Did you meet the bona fide residence test or the physical presence test?
Even if you have a tax home in a foreign country and have foreign earned income, you won’t qualify to exclude income under the FEIE unless you meet either the bona fide residence test or the physical presence test.
Are you a bona fide resident of a foreign country?
To qualify for bona fide residence, you must live in a foreign country for an uninterrupted period that includes an entire tax year. Generally, this means that you must live overseas from January 1 through December 31. For example, if you moved to Mexico in December of 2021, lived there for the entirety of 2022, and moved back to the US in January 2023, you could meet the bona fide residence test for 2022. Short trips to the US during the year for vacation or business do not impact your bona fide residence as long as you have a clear intention to return from those trips to your foreign residence.
But time abroad is only part of the equation to establish a bona fide residence. The Internal Revenue Service (IRS) will also consider factors such as your intention regarding the length and purpose of your trip, whether you have established a home in a foreign country, and your involvement with the activities of the community. These details do not need to be reported on the Form 2555 (the form on which you claim the FEIE), but if the IRS were to audit your return, things like whether you open an account with a local bank, get a drivers’ license or library card, or volunteer with a local charity can be relevant. Voting in US elections does not negatively impact your bid for bona fide resident status.
If you are not a bona fide resident, you can still meet the physical presence test.
If you have a tax home in a foreign country and have foreign earned income, but don’t satisfy the bona fide residence test, you can still meet the physical presence test. The physical presence test requires that you are in a foreign country for at least 330 full days during a 12-month period. The factors regarding intent, residence, and purpose that are important to bona fide residence are not considered. The test is based entirely on how long you stay outside the US, no matter the reason. For this test, a day means a 24-hour day. So days that you arrive or depart from a foreign country don’t count as part of the 330 days.
The 12-month period can be any consecutive period of 366 days. It can begin on any day of the week, and does not have to begin with the first day you were in a foreign country or end on the day you leave. If you arrived in Mexico on December 15, 2021 and returned to the US on December 25, 2022, you could meet the physical presence test for 2022 because you spent more than 330 days in a foreign country during a 12-month period. In this scenario, you could even have traveled to the US during the year for a short visit and still have met the 330-day threshold.
What else is there to know about the FEIE?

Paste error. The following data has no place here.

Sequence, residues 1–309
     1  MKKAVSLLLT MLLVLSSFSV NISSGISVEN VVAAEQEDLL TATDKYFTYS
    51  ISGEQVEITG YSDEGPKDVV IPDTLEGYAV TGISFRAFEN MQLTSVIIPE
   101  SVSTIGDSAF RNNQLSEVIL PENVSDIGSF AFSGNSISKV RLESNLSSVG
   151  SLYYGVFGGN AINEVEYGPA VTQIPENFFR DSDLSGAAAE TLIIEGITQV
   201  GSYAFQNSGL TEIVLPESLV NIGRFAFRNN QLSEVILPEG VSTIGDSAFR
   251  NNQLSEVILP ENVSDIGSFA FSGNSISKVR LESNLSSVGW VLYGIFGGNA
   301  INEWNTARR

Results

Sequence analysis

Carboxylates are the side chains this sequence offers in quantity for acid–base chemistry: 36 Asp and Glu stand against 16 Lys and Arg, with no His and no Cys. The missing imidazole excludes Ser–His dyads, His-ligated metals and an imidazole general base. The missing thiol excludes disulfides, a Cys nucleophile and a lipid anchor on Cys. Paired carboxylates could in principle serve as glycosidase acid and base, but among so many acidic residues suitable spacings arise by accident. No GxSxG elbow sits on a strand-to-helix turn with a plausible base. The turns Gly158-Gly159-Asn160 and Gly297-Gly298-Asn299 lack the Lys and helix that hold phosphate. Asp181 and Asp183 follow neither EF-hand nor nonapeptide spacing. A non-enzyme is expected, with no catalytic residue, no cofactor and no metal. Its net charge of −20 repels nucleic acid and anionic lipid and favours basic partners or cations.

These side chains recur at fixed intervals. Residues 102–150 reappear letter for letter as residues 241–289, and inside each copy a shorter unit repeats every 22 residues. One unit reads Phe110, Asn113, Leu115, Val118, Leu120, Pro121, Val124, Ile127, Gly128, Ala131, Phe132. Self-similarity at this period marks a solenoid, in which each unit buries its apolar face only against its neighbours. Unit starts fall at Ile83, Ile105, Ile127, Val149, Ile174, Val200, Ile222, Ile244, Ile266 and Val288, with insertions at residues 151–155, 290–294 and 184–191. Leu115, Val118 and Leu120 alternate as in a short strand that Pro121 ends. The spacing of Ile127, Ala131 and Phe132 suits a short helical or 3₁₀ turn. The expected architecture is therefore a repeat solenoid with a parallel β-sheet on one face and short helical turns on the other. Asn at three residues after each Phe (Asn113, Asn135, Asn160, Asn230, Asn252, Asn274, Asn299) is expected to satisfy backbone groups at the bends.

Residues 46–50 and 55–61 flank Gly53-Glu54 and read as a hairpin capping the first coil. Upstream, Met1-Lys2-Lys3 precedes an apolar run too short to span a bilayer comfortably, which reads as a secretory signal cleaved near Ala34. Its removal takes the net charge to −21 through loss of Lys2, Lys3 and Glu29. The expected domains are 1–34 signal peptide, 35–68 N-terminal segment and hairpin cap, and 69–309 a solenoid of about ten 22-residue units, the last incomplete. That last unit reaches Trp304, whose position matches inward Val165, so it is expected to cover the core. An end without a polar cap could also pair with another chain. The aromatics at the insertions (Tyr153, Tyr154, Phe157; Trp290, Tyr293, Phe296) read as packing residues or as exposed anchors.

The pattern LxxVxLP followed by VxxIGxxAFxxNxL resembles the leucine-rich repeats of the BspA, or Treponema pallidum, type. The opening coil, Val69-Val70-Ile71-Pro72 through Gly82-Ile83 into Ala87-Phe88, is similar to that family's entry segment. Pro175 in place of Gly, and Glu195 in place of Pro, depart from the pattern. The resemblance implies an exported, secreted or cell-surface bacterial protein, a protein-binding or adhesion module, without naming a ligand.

You do not have to claim the FEIE
Even if you meet the requirement to claim the FEIE, you are not required to file Form 2555. Now, you may ask, why wouldn’t you want to exclude money from taxation? The answer is because the IRS doesn’t allow you to double dip. In other words, you can’t use income excluded using the FEIE to calculate other tax credits that are based on total income, such as the foreign tax credit, the additional child tax credit, and the earned income credit. You should speak with a tax professional to determine whether excluding income under the FEIE or including the income and taking credits provides the most tax benefit in your situation.
Revoking an election to claim the FEIE
If you do file Form 2555, you must file Form 2555 in subsequent years if you are eligible, unless you revoke your election. To revoke, you must attach a statement of intent to revoke to your return. You may want to revoke an election if you have minimal foreign earned income and want to apply that income to increase one of the credits mentioned above. However, once an election has been revoked, you must seek IRS approval to re-elect the FEIE within 5 years of the revocation. Again, it’s a good idea to discuss your options with your tax professional if you are contemplating revoking an election.
Social security tax
Finally, filing Form 2555 does not reduce or eliminate any social security tax due on your foreign earned income. This tax should still be withheld by your employer. If you are self-employed, social security tax is calculated and reported by you on Form 1040 (Schedule SE), Self Employment Tax.
One more thing: The Foreign Housing Amount
If you qualify to exclude income under the FEIE, you may also be able to exclude or deduct your foreign housing amount. The foreign housing amount is the total of your reasonable housing expenses. This could include rent, utilities, insurance, and residential parking. The cost of buying or improving property, mortgages, or domestic labor such as house cleaning or cooking are not eligible expenses.
The limit on expenses used to calculate the foreign housing amount changes each year and can be computed on a worksheet in the Instructions to Form 2555, Foreign Earned Income. The location where you live, whether you receive employer-provided housing or are self-employed, and the number of days you maintain a foreign home all affect the amount that can be excluded or deducted as the foreign housing amount.